On Wednesday, in this order, the committee interviewed Vadala, Omar Easy, the executive director of the Academies of Everett for Everett Public Schools and, Lord.

These educators were among six candidates drawn from an applicant pool of 33 educators on March 10. The School Committee originally named seven educators it wished to interview, but one of the candidates withdrew. The search was aided by the Massachusetts Association of School Committees and its executive director, Glenn Koocher.

Vadala, who grew up in Gloucester, attended St. John’s Prep and lives in Peabody has three daughters and is on the board for the Peabody Youth Lacrosse program. His career in education has mostly been in Revere schools.

When asked by School Committee member Brandi Carpenter “What do you know about us?” Vadala said: “This isn’t the first time I’ve heard ‘Why Peabody.?’” It was a question that he asked when his family moved here 10 years ago. 

“Peabody, we were drawn here because we thought Peabody would be a great place to raise a family,” he said. The city, he said, has exceeded his expectations and he saw working here as a way to give back. 

“Peabody has tremendous pride,” he said, adding, that it was amazing how those in the city rallied around one another after a tragic month in November. Hochman asked about how he would handle the crisis around the coronavirus, and Vadala described how his schools handled students who returned from a school trip in Europe over February vacation.

The students were allowed to return to school, and Vadala worked to allay concerns within the community before the Board of Health.

Then the guidance changed from health officials changed, and those high school students were advised to stay home. Vadala noted that this was on a Thursday at 3 p.m. just before a parent-teacher night at 5 p.m. That prompted a meeting with staff. He also told his staff: “We don’t have all the answers.”

Easy, a former running back in the NFL with a doctorate from Penn State, spoke with passion about how he was appreciative to be interviewed, and spoke about how he had benefited from someone helping him in high school, and wanted to be the one to help students. He also spoke about his role leading academies for Everett as a kind of principal of a principal’s building.

Carpenter asked why Easy applied, and Easy spoke about how he knows the city well, lives about eight minutes down the road, and even competed against the city in football and basketball growing up. His brother also lives in the city. He spoke about how old-fashioned, comprehensive high schools are not longer working, and in admiring the new Higgins Middle School, he said he envisioned it might someday hold a health or STEM academy. He also understood that some of the city’s school buildings “need some tender care and love.”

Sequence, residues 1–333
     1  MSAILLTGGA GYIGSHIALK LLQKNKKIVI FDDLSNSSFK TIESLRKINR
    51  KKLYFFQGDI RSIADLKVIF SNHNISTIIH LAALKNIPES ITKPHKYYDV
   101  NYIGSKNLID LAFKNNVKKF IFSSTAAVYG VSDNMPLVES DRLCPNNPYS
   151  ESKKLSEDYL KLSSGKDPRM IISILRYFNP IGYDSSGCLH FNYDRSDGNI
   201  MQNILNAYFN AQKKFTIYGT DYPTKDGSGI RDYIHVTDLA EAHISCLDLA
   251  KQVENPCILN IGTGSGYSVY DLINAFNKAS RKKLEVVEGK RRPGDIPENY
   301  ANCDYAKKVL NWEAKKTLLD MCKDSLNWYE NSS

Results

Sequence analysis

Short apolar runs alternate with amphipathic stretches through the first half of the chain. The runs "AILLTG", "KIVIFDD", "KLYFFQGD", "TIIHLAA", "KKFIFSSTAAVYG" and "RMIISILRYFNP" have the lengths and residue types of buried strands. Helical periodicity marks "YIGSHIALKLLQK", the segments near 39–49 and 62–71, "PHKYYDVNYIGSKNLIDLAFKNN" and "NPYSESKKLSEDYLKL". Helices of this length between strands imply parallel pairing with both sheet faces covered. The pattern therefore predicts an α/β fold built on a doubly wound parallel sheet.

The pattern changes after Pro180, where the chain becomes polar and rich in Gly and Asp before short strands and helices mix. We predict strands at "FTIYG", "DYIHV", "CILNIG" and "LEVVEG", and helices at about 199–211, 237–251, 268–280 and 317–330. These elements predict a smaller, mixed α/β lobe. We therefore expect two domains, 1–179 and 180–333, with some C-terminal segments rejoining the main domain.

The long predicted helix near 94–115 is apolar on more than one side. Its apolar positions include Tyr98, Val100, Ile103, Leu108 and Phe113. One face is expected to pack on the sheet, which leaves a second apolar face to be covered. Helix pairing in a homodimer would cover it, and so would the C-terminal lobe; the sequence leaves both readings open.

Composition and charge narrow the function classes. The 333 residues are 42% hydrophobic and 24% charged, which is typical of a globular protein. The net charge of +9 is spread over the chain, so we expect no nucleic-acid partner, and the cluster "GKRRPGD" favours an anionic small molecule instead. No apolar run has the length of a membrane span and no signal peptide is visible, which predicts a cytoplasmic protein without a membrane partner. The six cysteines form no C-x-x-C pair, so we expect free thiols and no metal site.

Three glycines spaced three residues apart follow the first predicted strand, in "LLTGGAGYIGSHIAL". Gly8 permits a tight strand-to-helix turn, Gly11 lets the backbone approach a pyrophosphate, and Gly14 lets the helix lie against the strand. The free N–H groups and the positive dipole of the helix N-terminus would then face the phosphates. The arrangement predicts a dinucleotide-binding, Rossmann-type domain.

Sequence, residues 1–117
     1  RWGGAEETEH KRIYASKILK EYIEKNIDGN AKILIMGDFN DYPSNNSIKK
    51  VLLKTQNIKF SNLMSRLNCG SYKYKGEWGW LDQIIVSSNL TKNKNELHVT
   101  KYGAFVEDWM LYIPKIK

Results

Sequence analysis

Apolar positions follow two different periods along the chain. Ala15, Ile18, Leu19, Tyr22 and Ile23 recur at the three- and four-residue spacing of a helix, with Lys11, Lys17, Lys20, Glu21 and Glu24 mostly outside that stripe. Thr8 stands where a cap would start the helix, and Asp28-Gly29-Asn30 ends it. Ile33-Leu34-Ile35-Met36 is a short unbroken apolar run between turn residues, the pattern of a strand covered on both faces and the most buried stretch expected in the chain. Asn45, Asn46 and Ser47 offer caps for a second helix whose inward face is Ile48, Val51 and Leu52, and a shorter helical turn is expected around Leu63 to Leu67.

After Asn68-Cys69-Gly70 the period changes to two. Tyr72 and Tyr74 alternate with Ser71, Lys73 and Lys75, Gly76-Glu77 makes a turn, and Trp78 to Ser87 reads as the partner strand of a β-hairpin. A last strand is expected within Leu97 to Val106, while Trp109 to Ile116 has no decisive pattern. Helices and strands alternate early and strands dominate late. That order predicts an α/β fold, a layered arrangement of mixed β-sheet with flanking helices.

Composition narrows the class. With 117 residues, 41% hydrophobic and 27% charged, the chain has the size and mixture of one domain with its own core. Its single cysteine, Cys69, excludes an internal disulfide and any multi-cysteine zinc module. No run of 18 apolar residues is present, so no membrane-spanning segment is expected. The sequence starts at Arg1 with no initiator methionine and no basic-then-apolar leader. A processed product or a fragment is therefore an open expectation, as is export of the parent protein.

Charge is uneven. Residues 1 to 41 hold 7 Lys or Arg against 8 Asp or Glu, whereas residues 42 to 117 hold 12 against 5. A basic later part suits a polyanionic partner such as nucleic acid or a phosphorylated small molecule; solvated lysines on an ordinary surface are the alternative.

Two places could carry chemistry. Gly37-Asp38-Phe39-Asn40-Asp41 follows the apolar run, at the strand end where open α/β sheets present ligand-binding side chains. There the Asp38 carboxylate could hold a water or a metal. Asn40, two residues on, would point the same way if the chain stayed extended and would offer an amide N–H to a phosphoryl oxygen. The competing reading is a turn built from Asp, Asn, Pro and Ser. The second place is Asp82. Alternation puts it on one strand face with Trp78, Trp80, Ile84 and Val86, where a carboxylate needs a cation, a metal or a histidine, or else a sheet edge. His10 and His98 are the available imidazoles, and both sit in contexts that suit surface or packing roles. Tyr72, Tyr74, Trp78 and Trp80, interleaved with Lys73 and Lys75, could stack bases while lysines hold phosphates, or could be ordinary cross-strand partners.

He also spoke about the creation of academies at Everett High by creating smaller schools within the school. 

“The academy model is amazing,” Easy said. “You get students really engaged.”

Bettencourt praised Lord for what he meant to the city over the last few months.

Lord, a North Andover resident, has been working for Peabody schools since July 2018. School Committee Joseph Amico noted he was on the search committee when Murtagh hired him two years ago as assistant superintendent. Lord was selected by Murtagh to be the interim principal this year at the start of the school year to fill a vacancy in that post.

Lord was the principal of Leominster and Andover high schools, and a high school principal in Pawtucket, Rhode Island, where he was runner up for that state’s principal of the year.

However, despite praise for his leadership, his tenure at Charles E. Shea Senior High School ended when the state intervened over the high school’s graduation rate under a transformation plan that required a change in leadership, according to various reports.

Lord called his selection as the runner up for “principal of the year” one of his greatest professional accomplishments. He also said his greatest personal accomplishment was his two sons, Christopher and George.

“We’ve been privileged to see all you have done in all the roles you have done for us,” said Dunne, praising Lord’s work ethic and the manner in which he makes others feel at ease. 

“We are building a Saturn V rocket and we are taking off,” Lord said of the work at the high school.

On Monday, the School Committee interviewed Hamilton-Wenham Regional School District Interim Superintendent Julie Kukenberger, Assistant Superintendent for Learning and Teaching for Bourne Public Schools Melissa Eakins-Ryan and Wayland Superintendent Arthur Unobskey, the former assistant superintendent in Gloucester. Kukenberger is presently one of four finalist for the job of permanent superintendent of Hamilton-Wenham, a district she has led since July.